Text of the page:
Mosques begins with a brief, historical introduction to the mosque’s social and architectural development, commenting briefly upon the Prophet Muhammad’s embryonic influence on the shape and function of the first mosque in Medina, going on to briefly describe the socio-religious rationales for mosque space, and then placing the development of the earliest mosques (the Umayyad Dome of the Rock and the Great Mosque in Damascus) within her précis about the historical spread of Islam and its sect-wise divisions.
Each of the book’s nine subsequent chapters considers a geographical area distinguished by its tradition of construction and ornament; first, we are given a glimpse of the two definitive cities of Jerusalem and Damascus, and then a regional selection of highlights from Islam’s architectural record in Africa, Andalusia, ‘West’ and Central Asia, and the Indian subcontinent. There is a descriptive double-spread on Islamic decoration (pp. 100-101), but seeing that it appears as a general insert in a chapter concentrating on Central Asia, its informative words detract from the logic and aesthetics of Grover’s otherwise well-demarcated chapterization. Depth and variation in Islamic decoration could have been discussed more expansively as an entirely separate chapter.
By far the most intriguing—and by that I mean intellectually stimulating—chapter on ‘Contemporary Mosques’ appears at the end of the book, but it falls short of a comprehensive analysis, as though Grover were suddenly faced with the prospect of evaluating not simply modernism’s clash with age-old architectural typologies of building and decoration, but the rumblings of a religion spanning sometimes clashing anthropologies, witnessing shifts in architectural patronage, and reflected in the pathology of new nation-states whose newly-manufactured identity-politics is stridently expressive of an Islam that seems out of place. The author appears to tread gingerly on her own examples to avoid political quicksands, falling back on structuring a narrative around the placement of pictures from very disparate sources (we are treated to mosques in Banda Aceh, then to Visoko, Bosnia, and then to a village mosque in Pakistan, for example). While the discussion of each example is admirably self-contained, the links between these very different, new practices remain tenuous at best, and we are left to question the chapter’s larger thesis. A stronger conclusion might have brought the book’s entire effort to bear on the questions which this sort of book will raise for any student of art and architecture.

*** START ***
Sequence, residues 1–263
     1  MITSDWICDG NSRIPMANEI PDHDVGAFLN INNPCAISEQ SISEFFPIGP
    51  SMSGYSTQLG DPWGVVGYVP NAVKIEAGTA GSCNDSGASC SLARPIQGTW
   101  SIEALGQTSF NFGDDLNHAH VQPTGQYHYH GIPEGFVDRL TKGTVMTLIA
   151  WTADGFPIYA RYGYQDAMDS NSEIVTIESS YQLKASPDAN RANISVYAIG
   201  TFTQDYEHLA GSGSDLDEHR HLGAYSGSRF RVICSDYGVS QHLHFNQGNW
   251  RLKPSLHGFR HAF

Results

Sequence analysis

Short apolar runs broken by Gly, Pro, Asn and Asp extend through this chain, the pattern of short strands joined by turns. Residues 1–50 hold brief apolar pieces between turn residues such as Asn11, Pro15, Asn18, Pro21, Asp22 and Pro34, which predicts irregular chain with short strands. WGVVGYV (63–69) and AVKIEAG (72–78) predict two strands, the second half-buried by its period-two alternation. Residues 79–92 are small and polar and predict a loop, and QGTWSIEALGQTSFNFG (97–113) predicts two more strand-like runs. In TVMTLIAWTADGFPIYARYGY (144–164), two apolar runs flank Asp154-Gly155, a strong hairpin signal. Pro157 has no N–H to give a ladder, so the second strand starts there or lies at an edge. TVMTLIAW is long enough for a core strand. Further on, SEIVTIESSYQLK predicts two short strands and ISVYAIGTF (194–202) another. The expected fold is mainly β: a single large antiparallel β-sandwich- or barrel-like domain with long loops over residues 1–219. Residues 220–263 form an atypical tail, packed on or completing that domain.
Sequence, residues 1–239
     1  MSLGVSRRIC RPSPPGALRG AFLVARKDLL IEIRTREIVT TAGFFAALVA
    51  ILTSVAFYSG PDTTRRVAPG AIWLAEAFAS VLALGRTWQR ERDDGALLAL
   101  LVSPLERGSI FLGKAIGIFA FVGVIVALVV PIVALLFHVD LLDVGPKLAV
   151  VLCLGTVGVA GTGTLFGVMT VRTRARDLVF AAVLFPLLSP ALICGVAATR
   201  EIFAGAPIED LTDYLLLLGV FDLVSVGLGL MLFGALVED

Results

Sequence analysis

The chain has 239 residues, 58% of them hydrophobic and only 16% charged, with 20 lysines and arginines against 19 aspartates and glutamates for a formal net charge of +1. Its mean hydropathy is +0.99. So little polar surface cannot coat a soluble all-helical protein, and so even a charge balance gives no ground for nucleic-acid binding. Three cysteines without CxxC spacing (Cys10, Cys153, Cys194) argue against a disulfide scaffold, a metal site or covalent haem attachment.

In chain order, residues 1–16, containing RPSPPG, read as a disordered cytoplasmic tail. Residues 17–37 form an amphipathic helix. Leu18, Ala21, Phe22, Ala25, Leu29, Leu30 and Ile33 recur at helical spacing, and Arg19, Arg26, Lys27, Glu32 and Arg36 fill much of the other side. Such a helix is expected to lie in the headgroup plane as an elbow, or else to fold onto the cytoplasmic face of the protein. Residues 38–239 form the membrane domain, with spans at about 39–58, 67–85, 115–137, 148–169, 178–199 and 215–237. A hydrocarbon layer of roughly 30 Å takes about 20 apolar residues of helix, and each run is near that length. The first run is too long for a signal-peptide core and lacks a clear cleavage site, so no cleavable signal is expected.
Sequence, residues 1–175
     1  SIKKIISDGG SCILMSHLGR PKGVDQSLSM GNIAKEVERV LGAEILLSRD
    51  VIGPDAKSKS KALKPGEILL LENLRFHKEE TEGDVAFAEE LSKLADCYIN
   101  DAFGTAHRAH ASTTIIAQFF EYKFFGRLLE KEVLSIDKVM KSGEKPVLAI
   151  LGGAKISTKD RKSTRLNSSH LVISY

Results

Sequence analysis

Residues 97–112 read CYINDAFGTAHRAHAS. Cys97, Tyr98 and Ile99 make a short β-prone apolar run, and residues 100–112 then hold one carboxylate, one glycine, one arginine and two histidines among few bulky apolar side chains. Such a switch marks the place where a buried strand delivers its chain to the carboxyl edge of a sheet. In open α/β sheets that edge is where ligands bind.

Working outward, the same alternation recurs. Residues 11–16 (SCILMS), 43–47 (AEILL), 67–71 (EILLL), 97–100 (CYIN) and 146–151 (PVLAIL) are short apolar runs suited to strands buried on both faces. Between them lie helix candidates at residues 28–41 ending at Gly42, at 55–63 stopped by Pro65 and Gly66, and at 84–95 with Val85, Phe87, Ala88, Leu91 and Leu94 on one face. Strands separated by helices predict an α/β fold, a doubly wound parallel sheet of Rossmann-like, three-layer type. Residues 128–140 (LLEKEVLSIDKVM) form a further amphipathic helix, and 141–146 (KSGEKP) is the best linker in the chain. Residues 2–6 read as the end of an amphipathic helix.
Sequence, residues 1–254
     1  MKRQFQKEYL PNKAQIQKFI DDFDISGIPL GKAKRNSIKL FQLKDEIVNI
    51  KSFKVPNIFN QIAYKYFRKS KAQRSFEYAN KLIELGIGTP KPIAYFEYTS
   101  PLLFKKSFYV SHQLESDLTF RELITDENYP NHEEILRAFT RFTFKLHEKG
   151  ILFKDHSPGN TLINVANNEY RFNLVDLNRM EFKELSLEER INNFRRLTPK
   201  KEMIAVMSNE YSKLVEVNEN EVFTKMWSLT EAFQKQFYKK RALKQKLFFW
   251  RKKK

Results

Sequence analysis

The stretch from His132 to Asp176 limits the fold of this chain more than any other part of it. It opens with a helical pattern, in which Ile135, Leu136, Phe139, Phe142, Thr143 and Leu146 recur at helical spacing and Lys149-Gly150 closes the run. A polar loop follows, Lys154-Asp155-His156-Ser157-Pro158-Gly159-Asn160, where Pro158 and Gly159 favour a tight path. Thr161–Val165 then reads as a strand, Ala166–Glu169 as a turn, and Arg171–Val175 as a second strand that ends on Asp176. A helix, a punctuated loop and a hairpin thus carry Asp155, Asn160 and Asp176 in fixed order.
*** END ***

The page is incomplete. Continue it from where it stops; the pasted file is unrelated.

Whilst one cannot quibble with the author’s choice of pictures (seeing as they originated in Satish Grover’s research, and carry almost an autobiographical, dare one add emotive, signature), the book’s graphic design calls for comment. In a book where the author is successfully able to essay a hugely complicated story with remarkable economy, the book’s fussy, literal layouts with green accents behind architectural plans and a profusion of unnecessary lines detract from the elegance of many of its stunning pictures and line drawings, otherwise chosen cleverly by the author for the symmetries that they reveal in Islamic structure and surface. Indeed, wittier, more elegant, page compositions, and better photo-processing, might have enhanced the book’s outlook.
This is, of course, an editorial matter, less a problem with the author’s argument, but it points to the importance of applying an elegantly minimalist eye to a project so crucially dependent upon the photograph as focus.
Graphics notwithstanding, Grover’s book is a useful survey of the main arguments in Islamic architectural and social production, and should serve as a particularly welcome addition to an introductory scholarship on the Islamic world. Precisely because it so successfully simplifies matters, this book will be invaluable to the new scholars of Islamic art and architecture.
Azhar Tyabji has degrees in art history, history, and urban planning, and is currently reading for an MPhil in social anthropology at Cambridge University.